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Thus the Sicilian cried, and went
Forthwith to seek his missing star,
But did not find him in the bar,
A place that landlords most frequent,
Nor yet beside the kitchen fire,
Nor up the stairs, nor in the hall;
It was in vain to ask or call,
There were no tidings of the Squire.

So he came back with downcast head,
Exclaiming : “ Well, our bashful host
Hath surely given up the ghost.
Another proverb says the dead
Can tell no tales; and that is true.
It follows, then, that one of you
Must tell a story in his stead.

You must,” he to the Student said, 56 Who know so many of the best,

And tell them better than the rest."

Straight, by these flattering words beguiled,
The Student, happy as a child
When he is called a little man,
Assumed the double task imposed,
And without more ado unclosed
His smiling lips, and thus began.

THE STUDENT'S SECOND TALE.

THE BARON OF ST. CASTINE.

Finished December 3, 1871.

BARON CASTINE of St. Castine
Has left his château in the Pyrenees,
And sailed across the western seas.
When he went away from his fair demesne
The birds were building, the woods were green ;
And now the winds of winter blow
Round the turrets of the old château,
The birds are silent and unseen,
The leaves lie dead in the ravine,
And the Pyrenees are white with snow.

His father, lonely, old, and gray,

, Sits by the fireside day by day, Thinking ever one thought of care; Through the southern windows, narrow and tall, The sun shines into the ancient hall, And makes a glory round his hair. The house-dog, stretched beneath his chair, Groans in his sleep, as if in pain, Then wakes, and yawns, and sleeps again, So silent is it everywhere, — So silent you can hear the mouse Run and rummage along the beams Behind the wainscot of the wall; And the old man rouses from his dreams, and wanders restless through the house, As if he heard strange voices call.

His footsteps echo along the floor
Of a distant passage, and pause awhile;
He is standing by an open door
Looking long, with a sad, sweet smile,
Into the room of his absent son.
There is the bed on which he lay,
There are the pictures bright and gay,
Horses and hounds and sun-lit seas;
There are his powder-flask and gun,
And his hunting-knives in shape of a fan;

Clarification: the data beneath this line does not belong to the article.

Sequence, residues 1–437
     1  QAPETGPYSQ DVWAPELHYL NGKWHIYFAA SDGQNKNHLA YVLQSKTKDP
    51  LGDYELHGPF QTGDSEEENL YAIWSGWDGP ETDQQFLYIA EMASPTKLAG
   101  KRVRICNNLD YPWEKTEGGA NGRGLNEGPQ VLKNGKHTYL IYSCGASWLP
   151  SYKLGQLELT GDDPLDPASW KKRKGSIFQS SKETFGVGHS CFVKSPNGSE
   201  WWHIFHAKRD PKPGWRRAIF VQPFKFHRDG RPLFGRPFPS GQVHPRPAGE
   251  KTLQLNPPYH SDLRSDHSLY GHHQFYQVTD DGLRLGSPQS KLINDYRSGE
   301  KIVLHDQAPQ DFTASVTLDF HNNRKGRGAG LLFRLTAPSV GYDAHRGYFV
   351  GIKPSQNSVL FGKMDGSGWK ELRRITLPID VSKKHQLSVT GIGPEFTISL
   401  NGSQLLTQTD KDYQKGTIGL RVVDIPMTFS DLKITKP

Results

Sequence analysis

The chair by the window where he sat,
With the clouded tiger-skin for a mat,
Looking out on the Pyrenees,
Looking out on Mount Marboré
And the Seven Valleys of Lavedan.
Ah me! he turns away and sighs;
There is a mist before his eyes.

At night, whatever the weather be,
Wind or rain or starry heaven,
Just as the clock is striking seven,
Those who look from the windows see
The village Curate, with lantern and maid,
Come through the gateway from the park
And cross the courtyard damp and dark, -
A ring of light in a ring of shade.

And now at the old man's side he stands,
His voice is cheery, his heart expands,
He gossips pleasantly, by the blaze
Of the fire of fagots, about old days,
And Cardinal Mazarin and the Fronde,
And the Cardinal's nieces fair and fond,

And what they did, and what they said,
When they heard his Eminence was dead.

And after a pause the old man says,
His mind still coming back again
To the one sad thought that haunts his brain,
56 Are there any tidings from over sea ?
Ah, why has that wild boy gone from me?
And the Curate answers, looking down,
Harmless and docile as a lamb,

Young blood ! young blood! It must so be! ”
And draws from the pocket of his gown
A bandkerchief like an oriflamb,
And wipes his spectacles, and they play
Their little game of lansquenet
In silence for an hour or so,
Till the clock at nine strikes loud and clear
From the village lying asleep below,
And across the courtyard, into the dark
Of the winding pathway in the park,
Curate and lantern disappear,
And darkness reigns in the old château.

The ship has come back from over sea,
She has been signalled from below,
And into the harbor of Bordeaux
She sails with her gallant company.
But

among them is nowhere seen
The brave young Baron of St. Castine;
He hath tarried behind, I ween,
In the beautiful land of Acadie !

And the father paces to and fro
Through the chambers of the old château,

Waiting, waiting to hear the hum
Of wheels on the road that runs below,
Of servants hurrying here and there,
The voice in the courtyard, the step on the stair,
Waiting for some one who doth not come!
But letters there are, which the old man reads
To the Curate, when he comes at night,
Word by word, as an acolyte
Repeats his prayers and tells his beads ;
Letters full of the rolling sea,
Full of a young man's joy to be
Abroad in the world, alone and free ;
Full of adventures and wonderful scenes
Of hunting the deer through forests vast
In the royal grant of Pierre du Gast;
Of nights in the tents of the Tarratines;
Of Madocawando the Indian chief,
And bis daughters, glorious as queens,
And beautiful beyond belief;
And so soft the tones of their native tongue,
The words are not spoken, they are sung !

And the Curate listens, and smiling says:
“ Ah yes, dear friend ! in our young days
We should have liked to hunt the deer
All day amid those forest scenes,
And to sleep in the tents of the Tarratines;
But now it is better sitting here
Within four walls, and without the fear
Of losing our hearts to Indian queens;
For man is fire and woman is tow,
And the Somebody comes and begins to blow.”
Then a gleam of distrust and vague surmise

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